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Is DRAM-less ssds fine? Pros and cons of it?

GamingSeargent
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Hello, im considering buying a WD Blue SN550 SSD (1TB), and I noticed that it didn't have any DRAM Cache. is this ok, and will it affect the performance of windows boot times and game load times / experience? Thanks!

edit: Here is the product https://www.westerndigital.com/products/internal-drives/wd-blue-nvme-ssd)

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Newer SSDs can sometimes use system RAM instead of a DRAM cache, so research if your SSD supports that.

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2 minutes ago, RadiatingLight said:

Newer SSDs can sometimes use system RAM instead of a DRAM cache, so research if your SSD supports that.

I was just about to do the same..xD

CPU i5-9300H || Motherboard Lenovo OEM I guess..:p || RAM 2x8GB HyperX 2666Mhz CL15-17-17 @ 1.2V || GPU RTX 2060 || Storage 1TB Samsung 970 Evo Nvme + 2TB WD Blue Mobile PC Drive || PSU 230Watt laptop charger... not funny... || Display 1080p 144Hz || Cooling what ever lenovo decided was good enough..:3 || Keyboard White backlight || Mouse Logitech G305 Black ||  Operating System Win 10 Pro + BackBox 7 || Laptop Lenovo Legion Y540-15IRH

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In Specification but it does not clearly state.. This specific one is considered one of the best DRAM less nvme drives but as Linus explained many times it is recommended to have build in DRAM..  

CPU i5-9300H || Motherboard Lenovo OEM I guess..:p || RAM 2x8GB HyperX 2666Mhz CL15-17-17 @ 1.2V || GPU RTX 2060 || Storage 1TB Samsung 970 Evo Nvme + 2TB WD Blue Mobile PC Drive || PSU 230Watt laptop charger... not funny... || Display 1080p 144Hz || Cooling what ever lenovo decided was good enough..:3 || Keyboard White backlight || Mouse Logitech G305 Black ||  Operating System Win 10 Pro + BackBox 7 || Laptop Lenovo Legion Y540-15IRH

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That SSD can't use CPU RAM for caching. The spec you'd be looking for is Host Memory Buffer support to see if it supports that.

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To be fair with the nvme protocol having dram makes less of a difference than on SATA, but having a direct dram cache or HMB would still be preferable to not having anything at all.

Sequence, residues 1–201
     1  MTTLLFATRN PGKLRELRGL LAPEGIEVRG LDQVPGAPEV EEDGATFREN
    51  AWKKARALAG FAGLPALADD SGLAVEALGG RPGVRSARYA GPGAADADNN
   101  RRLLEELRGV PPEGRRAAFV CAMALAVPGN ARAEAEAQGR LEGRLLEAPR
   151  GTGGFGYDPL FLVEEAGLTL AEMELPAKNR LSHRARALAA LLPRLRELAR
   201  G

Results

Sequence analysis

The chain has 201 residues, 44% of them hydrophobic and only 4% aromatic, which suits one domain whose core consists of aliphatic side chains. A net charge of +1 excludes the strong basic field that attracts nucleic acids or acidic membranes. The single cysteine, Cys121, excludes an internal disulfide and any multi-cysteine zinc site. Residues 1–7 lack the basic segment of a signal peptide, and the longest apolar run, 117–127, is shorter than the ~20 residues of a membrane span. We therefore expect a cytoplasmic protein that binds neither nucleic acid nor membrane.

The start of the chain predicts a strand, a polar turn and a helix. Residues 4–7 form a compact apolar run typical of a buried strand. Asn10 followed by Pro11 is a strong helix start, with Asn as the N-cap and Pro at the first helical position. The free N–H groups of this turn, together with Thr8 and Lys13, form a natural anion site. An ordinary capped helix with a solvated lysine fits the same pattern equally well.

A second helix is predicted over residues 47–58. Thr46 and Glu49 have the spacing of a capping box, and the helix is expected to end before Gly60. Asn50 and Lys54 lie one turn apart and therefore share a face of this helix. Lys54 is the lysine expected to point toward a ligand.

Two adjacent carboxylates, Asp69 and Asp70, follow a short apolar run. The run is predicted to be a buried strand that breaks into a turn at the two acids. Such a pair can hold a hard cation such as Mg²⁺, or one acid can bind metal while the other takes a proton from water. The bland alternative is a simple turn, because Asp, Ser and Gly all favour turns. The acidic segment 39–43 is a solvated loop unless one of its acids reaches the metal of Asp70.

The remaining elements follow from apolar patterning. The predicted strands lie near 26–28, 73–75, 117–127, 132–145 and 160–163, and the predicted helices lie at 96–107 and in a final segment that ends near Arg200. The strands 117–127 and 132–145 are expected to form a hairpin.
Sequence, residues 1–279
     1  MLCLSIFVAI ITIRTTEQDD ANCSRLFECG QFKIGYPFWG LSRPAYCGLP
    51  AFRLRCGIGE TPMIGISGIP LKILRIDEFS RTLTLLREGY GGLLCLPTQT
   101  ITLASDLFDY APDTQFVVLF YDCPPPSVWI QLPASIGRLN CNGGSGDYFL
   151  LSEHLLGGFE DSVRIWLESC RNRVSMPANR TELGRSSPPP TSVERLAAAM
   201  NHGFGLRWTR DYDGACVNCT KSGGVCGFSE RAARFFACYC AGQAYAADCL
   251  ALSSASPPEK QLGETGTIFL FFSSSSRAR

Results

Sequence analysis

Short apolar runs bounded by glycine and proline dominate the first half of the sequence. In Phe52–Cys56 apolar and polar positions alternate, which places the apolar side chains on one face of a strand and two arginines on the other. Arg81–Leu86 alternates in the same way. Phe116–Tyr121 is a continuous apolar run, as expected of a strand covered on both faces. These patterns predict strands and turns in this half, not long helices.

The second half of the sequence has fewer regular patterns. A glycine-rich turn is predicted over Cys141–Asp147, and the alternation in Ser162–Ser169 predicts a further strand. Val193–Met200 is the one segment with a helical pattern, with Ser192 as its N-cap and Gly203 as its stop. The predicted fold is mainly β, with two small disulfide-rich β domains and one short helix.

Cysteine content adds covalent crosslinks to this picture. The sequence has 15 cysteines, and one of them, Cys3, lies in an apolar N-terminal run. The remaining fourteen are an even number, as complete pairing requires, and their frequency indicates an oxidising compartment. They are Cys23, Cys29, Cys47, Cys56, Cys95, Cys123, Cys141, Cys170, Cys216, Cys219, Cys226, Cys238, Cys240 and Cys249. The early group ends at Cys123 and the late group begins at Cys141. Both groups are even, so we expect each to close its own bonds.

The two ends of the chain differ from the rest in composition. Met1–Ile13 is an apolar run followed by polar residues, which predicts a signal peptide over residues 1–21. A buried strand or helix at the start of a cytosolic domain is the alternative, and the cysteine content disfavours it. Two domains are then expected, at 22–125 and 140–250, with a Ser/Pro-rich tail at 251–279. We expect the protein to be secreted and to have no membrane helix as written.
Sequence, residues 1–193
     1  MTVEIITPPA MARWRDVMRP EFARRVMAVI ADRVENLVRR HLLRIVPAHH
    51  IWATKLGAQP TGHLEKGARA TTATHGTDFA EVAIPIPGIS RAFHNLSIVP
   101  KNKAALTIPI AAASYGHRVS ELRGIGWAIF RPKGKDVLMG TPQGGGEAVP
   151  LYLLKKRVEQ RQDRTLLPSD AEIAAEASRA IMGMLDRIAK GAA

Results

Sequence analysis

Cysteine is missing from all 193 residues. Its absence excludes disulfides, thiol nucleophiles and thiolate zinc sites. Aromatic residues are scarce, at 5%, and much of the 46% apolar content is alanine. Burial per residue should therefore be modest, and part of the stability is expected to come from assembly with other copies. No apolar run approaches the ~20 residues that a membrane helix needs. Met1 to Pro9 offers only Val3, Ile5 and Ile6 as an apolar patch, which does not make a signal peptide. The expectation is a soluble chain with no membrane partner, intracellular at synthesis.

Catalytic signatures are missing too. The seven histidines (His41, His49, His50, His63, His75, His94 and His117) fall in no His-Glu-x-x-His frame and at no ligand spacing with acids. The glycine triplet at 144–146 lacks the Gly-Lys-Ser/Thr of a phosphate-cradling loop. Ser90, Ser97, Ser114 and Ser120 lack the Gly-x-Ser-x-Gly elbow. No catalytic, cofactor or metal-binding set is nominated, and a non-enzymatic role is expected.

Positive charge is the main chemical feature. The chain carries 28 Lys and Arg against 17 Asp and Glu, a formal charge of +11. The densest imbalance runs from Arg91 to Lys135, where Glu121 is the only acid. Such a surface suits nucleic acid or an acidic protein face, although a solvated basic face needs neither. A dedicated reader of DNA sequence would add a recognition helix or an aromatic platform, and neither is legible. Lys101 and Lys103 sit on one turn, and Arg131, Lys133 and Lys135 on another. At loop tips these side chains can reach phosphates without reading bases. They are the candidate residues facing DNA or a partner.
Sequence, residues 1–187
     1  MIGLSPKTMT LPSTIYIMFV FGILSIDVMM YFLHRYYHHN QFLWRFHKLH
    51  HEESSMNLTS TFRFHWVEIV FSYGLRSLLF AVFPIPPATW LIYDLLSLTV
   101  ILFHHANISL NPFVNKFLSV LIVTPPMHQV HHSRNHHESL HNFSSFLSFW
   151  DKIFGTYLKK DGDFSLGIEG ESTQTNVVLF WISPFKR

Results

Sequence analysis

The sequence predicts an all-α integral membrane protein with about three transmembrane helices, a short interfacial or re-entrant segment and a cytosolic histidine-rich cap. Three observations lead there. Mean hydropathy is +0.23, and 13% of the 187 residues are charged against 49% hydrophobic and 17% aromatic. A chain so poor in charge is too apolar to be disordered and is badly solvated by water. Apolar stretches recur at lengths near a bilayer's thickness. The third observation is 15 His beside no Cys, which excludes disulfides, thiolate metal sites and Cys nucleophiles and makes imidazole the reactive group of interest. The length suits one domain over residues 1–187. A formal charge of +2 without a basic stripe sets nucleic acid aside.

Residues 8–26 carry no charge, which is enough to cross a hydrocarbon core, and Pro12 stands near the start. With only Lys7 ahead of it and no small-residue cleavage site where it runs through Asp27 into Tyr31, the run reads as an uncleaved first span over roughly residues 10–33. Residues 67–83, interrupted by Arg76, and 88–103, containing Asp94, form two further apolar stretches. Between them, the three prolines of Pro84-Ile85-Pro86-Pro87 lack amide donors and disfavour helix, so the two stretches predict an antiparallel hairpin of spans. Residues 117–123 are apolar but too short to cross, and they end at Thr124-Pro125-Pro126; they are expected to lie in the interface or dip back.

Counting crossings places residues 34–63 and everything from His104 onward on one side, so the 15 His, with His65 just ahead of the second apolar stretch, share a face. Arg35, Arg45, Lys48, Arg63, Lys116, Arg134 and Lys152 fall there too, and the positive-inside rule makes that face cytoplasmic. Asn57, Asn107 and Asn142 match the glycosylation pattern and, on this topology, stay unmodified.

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58 minutes ago, GamingSeargent said:

Hello, im considering buying a WD Blue SN550 SSD (1TB), and I noticed that it didn't have any DRAM Cache. is this ok, and will it affect the performance of windows boot times and game load times / experience? Thanks!

edit: Here is the product https://www.westerndigital.com/products/internal-drives/wd-blue-nvme-ssd)

The WD SN550 does quite fine without DRAM, for several reasons. Some above have said HMB but actually the SN500 & SN520 (from which it is derived) do not use HMB.

 

The SN550 is good without DRAM for the following reasons:

  1. It has a static-only SLC cache, no dynamic portion. This means it doesn't have to worry about converting to/from TLC/SLC, it doesn't have to force empty/fold (slow) from SLC, and its direct-to-TLC speeds are quite high.
  2. It has a relatively powerful controller based on the SN750's tri-core design. The SN750's controller has specialized cores for read, write, host, someone similar to Samsung's NVMe older designs, making it extremely efficient and powerful in cases where the lack of DRAM would hurt - when the drive is fuller, for example. Static SLC also helps in that case.
  3. 96L/BiCS4 flash, which is the newest available right now. Not a huge deal but many consumer workloads only hit one die (no interleaving). For this reason the SN550 is actually a bit faster than the SN750 (64L/BiCS3) in consumer use, e.g. game loading.
  4. It relies on the NVMe protocol vs. AHCI (SATA drives) which is superior for solid state (flash) devices including being more efficient. This means it can finish tasks faster and more efficiently which reduces the metadata load. Garbage collection (GC), a form of maintenance, often bogs down without DRAM but again, fast controller and static SLC as mentioned above.
  5. The controller still has embedded SRAM (perhaps 32MB) of which some can be used for traditional DRAM tasks. Other DRAM-less controllers like the Phison S11 (SATA) also do this but, in combination with the rest of the list, makes the SN550 capable of handling larger workloads, as can be seen even with the older SN500 in AnandTech's review.

By far and large the 1TB SN550 is seen as a value champion right now.

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